San Mateo County Drafts Business As Usual Transportation Plan

C/CAG hopes to ensure roadway widening "improvements" such as this one proposed for Woodside Road near downtown Redwood City are eligible for funding through Plan Bay Area 2040. Image: Caltrans
C/CAG wants widening “improvements,” such as this one proposed for Woodside Road near downtown Redwood City, eligible for funding through Plan Bay Area 2040. Image: Caltrans

Note the ‘call to action’ at the end of this post.

City/County Association of Governments of San Mateo County (C/CAG) officials unveiled a draft update of the agency’s Countywide Transportation Plan [PDF], the first since 2001, at three community meetings last week. The new plan calls for billions of dollars in highway expansion projects [PDF] over the next 25 years while it ignores many potential transit and active transportation upgrades.

A complete draft of the plan was written in early 2016 by C/CAG planners in consultation with staff from other transportation agencies, including Caltrans and the San Mateo County Transportation District (Transportation Authority, Caltrain, SamTrans), prior to taking any public input. The agency hopes to approve a final version as early as December.

The plan’s central mission statement calls for “an economically, environmentally, and socially sustainable transportation system that offers practical travel choices, enhances public health through changes in the built environment,” yet proposes a massive expansion of highway traffic capacity for which C/CAG would seek funding through the Metropolitan Transportation Commission (MTC)’s Plan Bay Area 2040.

“While the role of the roadway system is supporting all modes of travel, its role in accommodating individuals driving their own automobile is probably the most essential,” states the plan. “Even with significant new transit investments, the private automobile will remain the dominant mode of travel within San Mateo County in the year 2040.”

C/CAG predicts that 70 percent of all new commuting trips in San Mateo County over the next 25 years will be made by automobile (driving alone and carpooling). Accordingly, most of the infrastructure projects recommended by the plan–to qualify for funding through the regional Plan Bay Area–are highway traffic expansions. Costs for the individual projects are not listed but total several billion dollars.

Residents discuss the draft San Mateo Countywide Transportation Plan 2040 with City/County Association of Governments (C/CAG) agency officials at a September 29 community meeting in Menlo Park. Photo: Andrew Boone
Residents discuss the draft San Mateo Countywide Transportation Plan 2040 with City/County Association of Governments (C/CAG) officials at a September 29 community meeting in Menlo Park. Photo: Andrew Boone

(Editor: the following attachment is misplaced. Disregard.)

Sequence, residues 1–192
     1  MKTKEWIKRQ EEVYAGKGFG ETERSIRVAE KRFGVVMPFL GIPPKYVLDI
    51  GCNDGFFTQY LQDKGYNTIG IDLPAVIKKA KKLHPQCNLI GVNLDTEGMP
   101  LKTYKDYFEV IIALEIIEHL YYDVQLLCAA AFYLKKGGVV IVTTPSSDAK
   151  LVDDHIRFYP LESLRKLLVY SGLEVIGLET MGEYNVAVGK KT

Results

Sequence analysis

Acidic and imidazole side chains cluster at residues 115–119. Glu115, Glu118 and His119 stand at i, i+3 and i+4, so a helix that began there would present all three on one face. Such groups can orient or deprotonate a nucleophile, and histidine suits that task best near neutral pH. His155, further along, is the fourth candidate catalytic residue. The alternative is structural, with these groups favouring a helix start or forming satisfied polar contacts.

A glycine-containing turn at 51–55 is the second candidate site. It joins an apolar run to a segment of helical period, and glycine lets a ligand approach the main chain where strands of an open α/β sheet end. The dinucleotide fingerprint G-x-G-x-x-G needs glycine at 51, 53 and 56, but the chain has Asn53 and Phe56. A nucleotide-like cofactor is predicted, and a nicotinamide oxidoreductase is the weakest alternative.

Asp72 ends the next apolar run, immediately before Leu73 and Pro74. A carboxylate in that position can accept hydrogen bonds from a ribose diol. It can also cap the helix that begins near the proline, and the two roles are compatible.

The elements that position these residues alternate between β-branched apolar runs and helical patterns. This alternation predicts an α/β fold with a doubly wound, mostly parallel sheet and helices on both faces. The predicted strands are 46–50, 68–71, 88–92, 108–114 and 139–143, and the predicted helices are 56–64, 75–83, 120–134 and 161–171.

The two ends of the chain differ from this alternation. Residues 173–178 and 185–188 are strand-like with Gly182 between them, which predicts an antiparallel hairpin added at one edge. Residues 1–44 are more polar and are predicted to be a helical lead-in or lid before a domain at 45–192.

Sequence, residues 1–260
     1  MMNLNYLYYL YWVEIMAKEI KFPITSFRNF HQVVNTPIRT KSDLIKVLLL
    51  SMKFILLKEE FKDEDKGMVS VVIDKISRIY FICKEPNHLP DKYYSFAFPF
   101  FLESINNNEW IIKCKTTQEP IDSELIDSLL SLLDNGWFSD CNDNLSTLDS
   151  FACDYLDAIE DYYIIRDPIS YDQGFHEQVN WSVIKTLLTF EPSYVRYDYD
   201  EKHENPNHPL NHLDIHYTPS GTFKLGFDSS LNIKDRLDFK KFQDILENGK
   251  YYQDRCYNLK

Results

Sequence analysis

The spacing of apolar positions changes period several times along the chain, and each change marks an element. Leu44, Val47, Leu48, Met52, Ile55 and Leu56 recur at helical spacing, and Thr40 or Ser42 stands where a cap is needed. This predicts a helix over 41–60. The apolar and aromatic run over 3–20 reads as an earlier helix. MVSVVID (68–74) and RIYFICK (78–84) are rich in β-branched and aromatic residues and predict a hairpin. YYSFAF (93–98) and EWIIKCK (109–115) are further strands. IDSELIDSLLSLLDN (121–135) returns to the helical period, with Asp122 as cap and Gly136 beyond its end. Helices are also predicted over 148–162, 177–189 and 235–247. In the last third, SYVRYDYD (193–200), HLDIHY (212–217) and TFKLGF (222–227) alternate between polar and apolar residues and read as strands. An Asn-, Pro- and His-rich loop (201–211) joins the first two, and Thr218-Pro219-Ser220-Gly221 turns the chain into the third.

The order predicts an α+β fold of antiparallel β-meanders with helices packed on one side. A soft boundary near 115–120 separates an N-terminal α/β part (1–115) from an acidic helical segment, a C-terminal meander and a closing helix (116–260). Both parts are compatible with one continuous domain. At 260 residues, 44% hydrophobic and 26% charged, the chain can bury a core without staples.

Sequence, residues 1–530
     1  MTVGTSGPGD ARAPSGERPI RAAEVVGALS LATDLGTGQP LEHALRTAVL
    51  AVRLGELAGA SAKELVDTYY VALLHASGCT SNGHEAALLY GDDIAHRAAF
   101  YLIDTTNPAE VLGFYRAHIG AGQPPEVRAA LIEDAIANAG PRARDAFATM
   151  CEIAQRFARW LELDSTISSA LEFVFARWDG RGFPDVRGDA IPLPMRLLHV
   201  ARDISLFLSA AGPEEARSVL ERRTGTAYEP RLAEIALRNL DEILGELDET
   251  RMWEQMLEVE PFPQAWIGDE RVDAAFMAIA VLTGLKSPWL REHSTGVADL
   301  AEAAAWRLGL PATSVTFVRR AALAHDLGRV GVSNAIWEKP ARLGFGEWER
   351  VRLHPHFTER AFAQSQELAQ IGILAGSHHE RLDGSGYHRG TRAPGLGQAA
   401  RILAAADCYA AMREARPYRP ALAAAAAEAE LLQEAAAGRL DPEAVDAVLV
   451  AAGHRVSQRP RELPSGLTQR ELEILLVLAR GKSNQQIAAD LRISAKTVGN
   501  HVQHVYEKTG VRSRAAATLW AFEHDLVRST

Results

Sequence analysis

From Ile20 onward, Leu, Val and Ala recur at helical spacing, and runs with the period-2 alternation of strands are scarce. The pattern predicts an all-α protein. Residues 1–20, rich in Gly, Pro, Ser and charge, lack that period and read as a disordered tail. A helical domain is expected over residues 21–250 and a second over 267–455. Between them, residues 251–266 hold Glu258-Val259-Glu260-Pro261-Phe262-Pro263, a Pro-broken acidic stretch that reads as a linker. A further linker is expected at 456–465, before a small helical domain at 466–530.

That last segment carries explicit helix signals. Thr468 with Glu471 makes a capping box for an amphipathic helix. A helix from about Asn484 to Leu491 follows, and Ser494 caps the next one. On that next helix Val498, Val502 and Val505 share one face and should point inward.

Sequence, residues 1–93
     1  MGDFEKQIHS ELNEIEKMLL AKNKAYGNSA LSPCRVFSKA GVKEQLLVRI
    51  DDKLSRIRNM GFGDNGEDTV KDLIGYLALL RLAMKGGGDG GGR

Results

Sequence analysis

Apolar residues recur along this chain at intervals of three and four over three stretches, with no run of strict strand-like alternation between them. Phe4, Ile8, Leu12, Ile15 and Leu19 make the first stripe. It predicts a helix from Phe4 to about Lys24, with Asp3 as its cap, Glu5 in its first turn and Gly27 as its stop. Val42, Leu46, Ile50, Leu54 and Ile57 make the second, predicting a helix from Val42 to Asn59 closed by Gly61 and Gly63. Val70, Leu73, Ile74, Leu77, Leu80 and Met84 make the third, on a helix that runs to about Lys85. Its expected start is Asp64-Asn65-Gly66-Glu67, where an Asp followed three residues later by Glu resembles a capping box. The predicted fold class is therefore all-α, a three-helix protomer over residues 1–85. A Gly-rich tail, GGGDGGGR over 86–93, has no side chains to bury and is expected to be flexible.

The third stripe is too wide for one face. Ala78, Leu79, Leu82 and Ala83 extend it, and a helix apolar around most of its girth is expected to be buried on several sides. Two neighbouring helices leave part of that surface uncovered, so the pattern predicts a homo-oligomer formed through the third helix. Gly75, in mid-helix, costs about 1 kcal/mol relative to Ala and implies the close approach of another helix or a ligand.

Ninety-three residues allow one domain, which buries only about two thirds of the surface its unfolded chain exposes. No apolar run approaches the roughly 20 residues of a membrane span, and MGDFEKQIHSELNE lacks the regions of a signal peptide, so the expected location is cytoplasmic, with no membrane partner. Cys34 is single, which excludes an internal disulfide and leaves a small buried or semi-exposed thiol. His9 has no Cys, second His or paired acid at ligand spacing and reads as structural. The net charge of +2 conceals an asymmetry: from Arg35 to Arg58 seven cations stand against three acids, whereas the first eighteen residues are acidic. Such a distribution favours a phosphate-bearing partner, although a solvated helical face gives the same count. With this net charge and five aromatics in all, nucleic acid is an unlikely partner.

Like the draft Countywide Transportation Plan, the agency’s guiding Congestion Management Program 2015 [PDF], intended to “alleviate and control congestion,” also sets no specific goals for reducing vehicle trips or vehicle miles traveled, and notes little change in travel patterns since 2000.

While the plans states that “significant investments in pedestrian and bicycle facilities will enhance safety for non-motorized travel as well as contribute to healthier, more active communities,” it proposes no significant investments. Bike/ped improvements are lumped into a single “county-wide implementation of bicycle/pedestrian enhancements” project while 25 separate highway expansion projects are separately listed.

“This isn’t a Capital Improvement Program,” said C/CAG Programs Manager John Hoang at last Thursday’s community meeting in Menlo Park. “These are projects identified by the cities as critical to meet local transportation needs.”

San Mateo County transportation officials note little change in commuting patterns since 2000 as evidence that growth in future traffic volumes is inevitable. Image: C/CAG Congestion Management Plan 2015
San Mateo County transportation officials note little change in commuting patterns since 2000, as evidence that growth in future traffic volumes is inevitable. Image: C/CAG Congestion Management Plan 2015

The C/CAG transportation plan update does make a number of sound recommendations for San Mateo cities, although the agency has no way to ensure these policies are implemented.

“Most zoning codes require a minimum number of parking spaces,” states the plan, for example. “Such requirements have contributed to an asphalt landscape dominated by the automobile and difficult to navigate by foot or bicycle.”

And the plan sets modest mode share goals for 2040–15 percent of all trips by walking, 5 percent by bicycle, and 7.5 percent using public transit. However, no goals are set for reducing vehicle miles traveled in the county, and the plan doesn’t explain how so many major highway expansions can possibly meet the mandate set by California Senate Bill 32 to cut greenhouse gas emissions by 40 percent by 2030.

The deadline for comments on the San Mateo Countywide Transportation Plan 2040 is October 31, according to the plan’s website. The final plan “is expected to be complete in late 2016 or early 2017.” No additional public review of the plan has been announced.

Read the draft San Mateo Countywide Transportation Plan 2040 here [PDF].

Call to action:

Send comments to:
C/CAG Programs Manager John Hoang
jhoang@smcgov.org
(650) 363-4105

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